Rob Taylor, who weighs 290 and has forearms like footballs, is Batman. Rick Kenyon, begrudgingly, is Robin, though he's the one who drives the cruiser.
The officers know almost everyone in the park, including the four just caught drinking beer. They've worked downtown together for about six years.
They have offered help to nearly every homeless person here. But shelters come with rules, and most require sobriety.
The synthetic drugs have made the cops' jobs even harder.
Florida has banned many of the common ingredients, but manufacturers continually adjust the formula.
"This spice is unbelievable," Kenyon says. "We've had some guys for 10 years and we've never had a problem with them. Now, the same guys are on this spice and they want to fight us."
The officers say they're fair, but give no breaks. The work is unrelenting.
Between early 2008 and 2012, there were 2,739 arrests made in the park. That's an average of about two per day.
The police presence, many argue, treats the park's symptoms but not its essential problems.
Mayor Bill Foster believes programs such as concerts and markets eventually will make the lawbreakers too uncomfortable to stay.
But public and private interests have for years tried to fix it: fresh gardens and street lamps, a refurbished bandstand and bathrooms, fewer benches, a nighttime closure and new neighboring businesses
At 11:30 a.m., Terolli is lounging by the fountain.
In Connecticut, at age 19, he got a job working with hazardous materials that paid $1,400 a week, more money than he could handle. Heroin hooked him.
"I came down here," he says, "to get clean."
He was in a car accident about a year ago. He got a doctor to prescribe pain pills for back pain he didn't have. He blew a $50,000 settlement on drugs and booze.
He comes to Williams Park to feed his habits. To eat and sometimes get a hotel, he sells the pills he doesn't take.
"Unless you're a drunk, a drug addict or a druggie," Terolli says, "you don't want to be here."
He stands up.
"You want me to give you an example? Count to 20."
He approaches a man on a nearby bench where many of the park's elicit drugs are purchased.
With five seconds to spare, he returns. He spins a joint in his fingers.
"PCP," he says. "Angel dust."
He takes a drag. His eyelids sag, his words crash together.
He smokes the joint until it's the size of a jelly bean. He flicks it onto the concrete path.
A thin-faced man with sunken eyes darts over and picks it up. He puts it to his lips and inhales.
By 1:45 p.m., the drugs and alcohol are in full effect. The morning's bustle has waned. People nap beneath the trees.
Larry Fultz sells hot dogs on the northwest corner. After four years, he has perfected the art of "no": to requests for sodas, cigarettes and, of course, hot dogs.
The palm frond artists have made $20. Wilson buys 305's cigars and Nutty Bars. Then back to his refrain: "Buy a rose for the special someone that you love?"
Near the bandstand, "Pops" has arrived. Robert Butler has sat on the same bench almost every day for the past 15 years. He won't reveal his age, but time has turned his beard white.
He gazes at the bandstand and imagines the music he heard ring from its stage as a boy.
He leans on a wooden cane and, in a plodding Southern accent, dispenses wisdom.
Butler sits with his back to the drug dealers: "Ain't nothin' but problems back that way."
By 4:50 p.m., the park has thinned. The Batmobile is parked on the grass near the southwest corner. Taylor and Kenyon patrol from 4 to 6 p.m. as commuters get on and off the buses. The smoke is so oppressive that it gives passers-by headaches.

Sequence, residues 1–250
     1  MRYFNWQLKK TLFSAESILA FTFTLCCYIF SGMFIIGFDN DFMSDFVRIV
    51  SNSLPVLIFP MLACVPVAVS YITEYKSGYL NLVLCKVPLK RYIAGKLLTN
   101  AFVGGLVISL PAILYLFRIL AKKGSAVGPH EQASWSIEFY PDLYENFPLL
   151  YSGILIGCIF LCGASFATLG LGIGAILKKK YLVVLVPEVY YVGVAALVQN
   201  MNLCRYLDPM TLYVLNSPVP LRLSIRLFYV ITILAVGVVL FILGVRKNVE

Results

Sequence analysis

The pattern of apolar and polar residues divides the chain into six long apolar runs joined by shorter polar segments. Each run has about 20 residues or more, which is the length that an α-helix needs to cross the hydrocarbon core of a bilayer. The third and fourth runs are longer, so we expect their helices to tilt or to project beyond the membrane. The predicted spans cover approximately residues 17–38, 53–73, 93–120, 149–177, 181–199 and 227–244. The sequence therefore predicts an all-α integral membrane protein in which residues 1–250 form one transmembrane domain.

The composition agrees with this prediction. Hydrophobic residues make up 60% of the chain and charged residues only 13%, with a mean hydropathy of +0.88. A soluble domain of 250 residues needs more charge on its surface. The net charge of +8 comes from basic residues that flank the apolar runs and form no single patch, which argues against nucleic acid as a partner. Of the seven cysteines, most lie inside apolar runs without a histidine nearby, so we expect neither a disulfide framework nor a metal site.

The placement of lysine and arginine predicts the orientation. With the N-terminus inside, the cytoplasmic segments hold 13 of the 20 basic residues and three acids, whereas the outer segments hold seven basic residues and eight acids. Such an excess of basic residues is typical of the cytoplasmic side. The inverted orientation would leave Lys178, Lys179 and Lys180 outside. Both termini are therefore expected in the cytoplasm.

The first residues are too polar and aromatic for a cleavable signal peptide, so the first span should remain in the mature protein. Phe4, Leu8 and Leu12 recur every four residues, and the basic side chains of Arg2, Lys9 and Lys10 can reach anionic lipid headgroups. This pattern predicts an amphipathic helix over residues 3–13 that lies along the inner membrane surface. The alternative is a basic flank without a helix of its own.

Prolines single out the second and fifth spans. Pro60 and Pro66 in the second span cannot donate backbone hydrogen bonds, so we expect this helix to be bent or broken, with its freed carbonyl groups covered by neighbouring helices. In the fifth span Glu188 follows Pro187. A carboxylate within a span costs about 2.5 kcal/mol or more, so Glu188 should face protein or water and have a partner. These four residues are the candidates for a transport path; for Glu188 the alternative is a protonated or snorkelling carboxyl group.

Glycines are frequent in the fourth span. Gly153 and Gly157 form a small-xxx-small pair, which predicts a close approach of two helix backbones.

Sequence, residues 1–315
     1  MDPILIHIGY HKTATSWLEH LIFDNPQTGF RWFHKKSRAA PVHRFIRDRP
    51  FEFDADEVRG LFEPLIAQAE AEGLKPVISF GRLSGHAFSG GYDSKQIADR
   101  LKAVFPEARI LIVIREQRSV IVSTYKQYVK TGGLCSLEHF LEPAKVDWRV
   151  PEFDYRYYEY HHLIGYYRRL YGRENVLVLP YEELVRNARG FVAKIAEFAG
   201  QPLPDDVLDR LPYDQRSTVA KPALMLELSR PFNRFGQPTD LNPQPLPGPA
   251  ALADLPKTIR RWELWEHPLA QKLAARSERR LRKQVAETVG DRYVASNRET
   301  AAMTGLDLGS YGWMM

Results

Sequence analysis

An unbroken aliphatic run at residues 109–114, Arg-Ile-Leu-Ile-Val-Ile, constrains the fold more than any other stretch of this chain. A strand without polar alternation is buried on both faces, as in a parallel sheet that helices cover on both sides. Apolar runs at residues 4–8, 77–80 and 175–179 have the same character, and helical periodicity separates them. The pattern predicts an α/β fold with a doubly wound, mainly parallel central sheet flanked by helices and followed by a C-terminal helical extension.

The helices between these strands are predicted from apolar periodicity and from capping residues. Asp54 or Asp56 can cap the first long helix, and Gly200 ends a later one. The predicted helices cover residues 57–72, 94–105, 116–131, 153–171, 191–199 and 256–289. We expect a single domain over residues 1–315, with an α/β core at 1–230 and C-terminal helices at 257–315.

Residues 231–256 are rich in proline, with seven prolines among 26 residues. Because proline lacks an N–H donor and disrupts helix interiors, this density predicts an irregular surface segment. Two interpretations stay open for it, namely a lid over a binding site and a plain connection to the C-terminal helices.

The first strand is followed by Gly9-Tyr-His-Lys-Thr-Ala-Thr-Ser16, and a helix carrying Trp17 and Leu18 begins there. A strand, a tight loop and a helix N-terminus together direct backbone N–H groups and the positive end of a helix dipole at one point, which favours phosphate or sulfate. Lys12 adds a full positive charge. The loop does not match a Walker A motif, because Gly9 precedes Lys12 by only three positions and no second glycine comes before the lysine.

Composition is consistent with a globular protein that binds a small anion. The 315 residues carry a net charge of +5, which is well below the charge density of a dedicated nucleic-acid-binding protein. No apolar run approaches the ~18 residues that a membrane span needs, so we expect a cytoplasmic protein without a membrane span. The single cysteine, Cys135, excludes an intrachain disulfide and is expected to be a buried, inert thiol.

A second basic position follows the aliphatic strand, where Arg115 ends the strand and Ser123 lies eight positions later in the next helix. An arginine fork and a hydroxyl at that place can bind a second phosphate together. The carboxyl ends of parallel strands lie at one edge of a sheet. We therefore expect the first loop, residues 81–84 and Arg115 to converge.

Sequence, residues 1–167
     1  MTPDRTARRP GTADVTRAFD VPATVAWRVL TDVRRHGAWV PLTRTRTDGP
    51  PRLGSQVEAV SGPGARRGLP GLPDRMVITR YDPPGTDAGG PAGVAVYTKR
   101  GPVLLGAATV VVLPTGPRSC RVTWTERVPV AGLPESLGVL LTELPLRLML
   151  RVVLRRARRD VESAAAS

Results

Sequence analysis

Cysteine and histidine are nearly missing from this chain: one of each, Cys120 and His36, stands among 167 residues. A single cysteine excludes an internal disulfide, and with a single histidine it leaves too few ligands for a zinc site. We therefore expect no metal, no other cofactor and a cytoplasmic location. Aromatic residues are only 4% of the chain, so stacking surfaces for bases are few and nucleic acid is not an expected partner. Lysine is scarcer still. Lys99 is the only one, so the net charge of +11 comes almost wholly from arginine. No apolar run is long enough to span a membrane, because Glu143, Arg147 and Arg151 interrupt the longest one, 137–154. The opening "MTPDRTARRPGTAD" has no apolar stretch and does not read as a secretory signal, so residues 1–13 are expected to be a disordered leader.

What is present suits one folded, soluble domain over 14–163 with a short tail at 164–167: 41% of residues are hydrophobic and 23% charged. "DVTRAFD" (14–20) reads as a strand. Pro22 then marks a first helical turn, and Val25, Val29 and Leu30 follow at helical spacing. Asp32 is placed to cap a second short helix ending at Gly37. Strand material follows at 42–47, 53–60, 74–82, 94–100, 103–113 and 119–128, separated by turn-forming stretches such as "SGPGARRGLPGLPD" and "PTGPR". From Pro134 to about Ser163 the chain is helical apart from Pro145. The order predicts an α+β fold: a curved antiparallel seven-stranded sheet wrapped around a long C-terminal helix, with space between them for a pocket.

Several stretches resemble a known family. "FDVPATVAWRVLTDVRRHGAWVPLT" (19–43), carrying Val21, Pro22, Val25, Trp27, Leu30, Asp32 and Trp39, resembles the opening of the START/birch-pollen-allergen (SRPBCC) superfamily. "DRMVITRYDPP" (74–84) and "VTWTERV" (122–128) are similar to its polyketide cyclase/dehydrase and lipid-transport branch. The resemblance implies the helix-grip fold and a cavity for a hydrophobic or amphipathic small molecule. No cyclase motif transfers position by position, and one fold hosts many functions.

The drug bench is empty, but not all the transactions are done.
A hustler, who is drunk, sets a pair of black Nike sneakers on the memorial wall.
"Two dollars," he says to his target, a man on a bike.
"They ain't got no shoelaces," the biker says. Plus, he only has a buck.
The hustler calls it a deal. The biker rides away with the shoes.
"I'm fixin' to do what I got to do," says the hustler, grinning. He stumbles across the road, in search of the day's eighth beer.
By 6:15 p.m., the Batmobile is gone. The park's residents trickle back as lights stringed around the oaks switch on.
On First Avenue N, an ambulance pulls between the buses.
Troy "Happy" Gilmore sits on the wall, teetering. He stares at the ground. He takes deep breaths. He is 35, a recovering crack cocaine addict. He has been arrested 55 times since 2005.
"Pneumonia," says his boyfriend, Timothy Barker. "He can't breathe."
A paramedic approaches.
"On that spice crap again?" he says. "That's what it was last time."
Gilmore climbs into the ambulance.
"He's a regular," the paramedic says before they pull away.
It's just past 7 p.m. The park doesn't close for four more hours, but the sun has faded along with most of the daytime inhabitants.
Two new officers begin night patrol. They catch a man rolling spice joints in a bus shelter. They confiscate the drugs and take his information. If the lab shows it contains a banned substance, they'll come back to arrest him.
The southwest corner is littered, with cigarette butts, discarded spice pouches, an empty ramen cup. The area is deserted but for a man with a curly red beard who has collapsed in the bushes.
The officers hoist him up and onto a bench. He must leave, they explain, or he'll be taken away. He slumps over, revealing the text on his shirt: "Alcatraz Psycho Ward Outpatient."
The man sits for a while, then stands. He totters north up the sidewalk, past flickering police lights and beeping buses and squirrels collecting the day's leftovers. He collapses, but gets back up. He reaches a bus shelter and stops to rest. At last, he rises.
He crosses the road and ambles into the darkness, leaving Williams Park to its rest.
Times researcher Caryn Baird and photographer Will Vragovic contributed to this report.